ENG: Deval Laurdine Patrick (born July 31, 1956) is the 71st Governor of the Commonwealth of Massachusetts. A member of the Democratic Party, Patrick served as United States Assistant Attorney General under President Bill Clinton. He is the first African American to hold the office of Massachusetts governor.
Born and raised by a single mother on the South Side of Chicago, Patrick won a scholarship to Milton Academy in Massachusetts in the eighth grade. He went on to attend Harvard College and Harvard Law School, where he was President of the Harvard Legal Aid Bureau. After graduating he practiced law with the NAACP Legal Defense and Educational Fund. He later joined a Boston law firm, where he was named a partner at the age of 34.
In 1994, President Bill Clinton appointed Patrick Assistant Attorney General for the Civil Rights Division of the Department of Justice, where he worked on issues including racial profiling and police misconduct. Patrick returned to Boston in 1997 to work in private law. In the following years he worked as general counsel for Texaco in New York City and Coca-Cola in Atlanta, which were both facing large racial discrimination settlements.
When he announced his candidacy for the 2006 gubernatorial election in Massachusetts, Patrick was initially seen as a dark horse candidate, but ultimately won the Democratic primary against veteran politicians Thomas Reilly and Chris Gabrielli. He went on to defeat Republican Lieutanent Governor Kerry Healey in the general election, and was inaugurated in January 2007. In his first term, Patrick oversaw the implementation of the state's 2006 health care reform program, increased funding to education and life sciences, won a federal Race to the Top education grant, passed an overhaul of state transportation industries to create the Massachusetts Department of Transportation, worked with the legislature to defend the legality of same-sex marriage, and increased the state sales tax from 5% to 6.25%. Under Patrick, Massachusetts joined the Regional Greenhouse Gas Initiative (RGGI) in an effort to reduce greenhouse gas emissions and greatly expanded services to veterans. His two legislative battles to implement casino gambling failed: he could not win the approval of the House of Representatives in March 2008, and he vetoed a bill passed by the legislature in August 2010 for going too far.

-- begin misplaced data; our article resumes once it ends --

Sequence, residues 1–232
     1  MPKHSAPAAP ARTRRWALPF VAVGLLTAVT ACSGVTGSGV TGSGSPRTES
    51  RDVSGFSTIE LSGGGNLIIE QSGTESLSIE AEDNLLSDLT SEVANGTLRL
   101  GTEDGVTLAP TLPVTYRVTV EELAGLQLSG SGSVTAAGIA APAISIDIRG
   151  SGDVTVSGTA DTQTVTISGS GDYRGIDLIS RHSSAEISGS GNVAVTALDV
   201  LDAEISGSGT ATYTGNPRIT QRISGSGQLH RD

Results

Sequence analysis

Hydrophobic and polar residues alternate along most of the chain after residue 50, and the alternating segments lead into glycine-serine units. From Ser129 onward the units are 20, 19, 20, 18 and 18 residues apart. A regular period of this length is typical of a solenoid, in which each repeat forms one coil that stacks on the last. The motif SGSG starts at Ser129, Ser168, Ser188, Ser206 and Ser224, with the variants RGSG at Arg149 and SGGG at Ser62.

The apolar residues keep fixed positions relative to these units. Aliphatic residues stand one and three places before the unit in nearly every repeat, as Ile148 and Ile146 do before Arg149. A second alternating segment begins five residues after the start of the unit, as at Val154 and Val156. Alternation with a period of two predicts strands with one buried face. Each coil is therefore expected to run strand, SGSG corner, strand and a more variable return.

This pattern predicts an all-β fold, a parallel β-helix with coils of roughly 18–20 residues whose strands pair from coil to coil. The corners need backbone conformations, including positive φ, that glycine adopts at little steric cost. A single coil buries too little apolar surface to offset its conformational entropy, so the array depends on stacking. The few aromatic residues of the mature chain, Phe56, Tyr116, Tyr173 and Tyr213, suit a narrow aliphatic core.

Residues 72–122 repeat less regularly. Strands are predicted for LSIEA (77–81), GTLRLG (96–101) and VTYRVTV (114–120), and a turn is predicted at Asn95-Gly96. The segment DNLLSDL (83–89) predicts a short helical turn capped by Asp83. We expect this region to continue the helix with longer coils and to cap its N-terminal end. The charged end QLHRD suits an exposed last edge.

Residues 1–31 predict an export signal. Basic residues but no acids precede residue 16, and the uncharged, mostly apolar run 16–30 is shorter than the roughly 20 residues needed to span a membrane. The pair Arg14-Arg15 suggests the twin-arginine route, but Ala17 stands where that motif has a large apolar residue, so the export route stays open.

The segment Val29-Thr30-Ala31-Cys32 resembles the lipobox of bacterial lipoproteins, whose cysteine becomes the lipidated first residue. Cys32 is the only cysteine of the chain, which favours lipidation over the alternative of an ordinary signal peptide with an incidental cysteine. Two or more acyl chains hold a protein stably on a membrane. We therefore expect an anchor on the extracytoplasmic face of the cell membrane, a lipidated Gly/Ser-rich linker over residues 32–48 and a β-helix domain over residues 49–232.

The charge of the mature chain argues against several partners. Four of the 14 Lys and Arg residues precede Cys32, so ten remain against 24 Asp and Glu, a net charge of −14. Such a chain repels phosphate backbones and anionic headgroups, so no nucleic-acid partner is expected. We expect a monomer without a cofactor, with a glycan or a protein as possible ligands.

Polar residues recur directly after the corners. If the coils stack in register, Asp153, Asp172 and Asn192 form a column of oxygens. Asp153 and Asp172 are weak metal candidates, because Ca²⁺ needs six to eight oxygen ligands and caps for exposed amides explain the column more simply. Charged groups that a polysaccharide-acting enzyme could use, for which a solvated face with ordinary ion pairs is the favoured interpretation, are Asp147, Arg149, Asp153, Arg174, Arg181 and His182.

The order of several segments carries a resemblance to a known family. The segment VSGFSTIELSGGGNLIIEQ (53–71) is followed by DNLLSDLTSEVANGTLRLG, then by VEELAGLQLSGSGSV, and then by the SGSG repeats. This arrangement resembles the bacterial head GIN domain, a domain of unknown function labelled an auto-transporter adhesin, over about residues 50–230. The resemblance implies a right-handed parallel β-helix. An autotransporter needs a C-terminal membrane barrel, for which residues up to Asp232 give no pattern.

Patrick was re-elected in the 2010 gubernatorial election against Republican Charlie Baker and Independent Tim Cahill. His second term began on January 6, 2011 and in an interview with the Boston Globe, Patrick declares he will not seek re-election in 2014.
Campaign for Governor
In 2005, Patrick announced his candidacy for Governor of Massachusetts. He was at first seen as a dark horse candidate, facing veteran Massachusetts campaigners Thomas "Tom" Reilly and Chris Gabrielli in the Democratic primary.
Patrick secured the nomination in the September 2006 primary, winning 49% of the vote in a three-way race and carrying every county in the state. In the general election, he faced Massachusetts Lieutenant Governor Kerry Healey, a Republican, Christy Mihos, running as an Independent, and Grace Ross, of the Green-Rainbow Party.
Breaking with the tradition of being inaugurated in the House Chamber of the Massachusetts State House, Deval Patrick and Tim Murray took the oath of office, and Patrick delivered his inaugural address, outdoors on the West Portico of the State House facing Boston Common. La Amistad in honor of his heritage.
This allowed a larger part of the public to witness and take part first hand in the event, and was intended to signal more open, transparent, and accessible government. The governor-elect was facing the Robert Gould Shaw Memorial, just across Beacon Street, a memorial to the first black regiment in the U.S. Civil War. He took his oath of office on the Mendi Bible, which was given to then-Congressman John Quincy Adams by the freed American slaves from the ship
A series of regional inaugural balls, seven in all, were held to bring the inauguration to the citizens of the commonwealth. These celebrations took place on Cape Cod, in Worcester, Dartmouth, Pittsfield, Springfield, and Boston.
2010 Campaign for re-election
On April 2, 2009, Patrick confirmed that alongside Lt. Timothy Murray, he would run for re-election as Governor of Massachusetts. On June 5, 2010, he was renominated by the Democrats and is running against Republican Charlie Baker, Independent Tim Cahill, and Green/Rainbow Jill Stein. A Rasmussen Reports poll released on September 28 showed Patrick leading Baker 47%-42%. The election is November 2, 2010.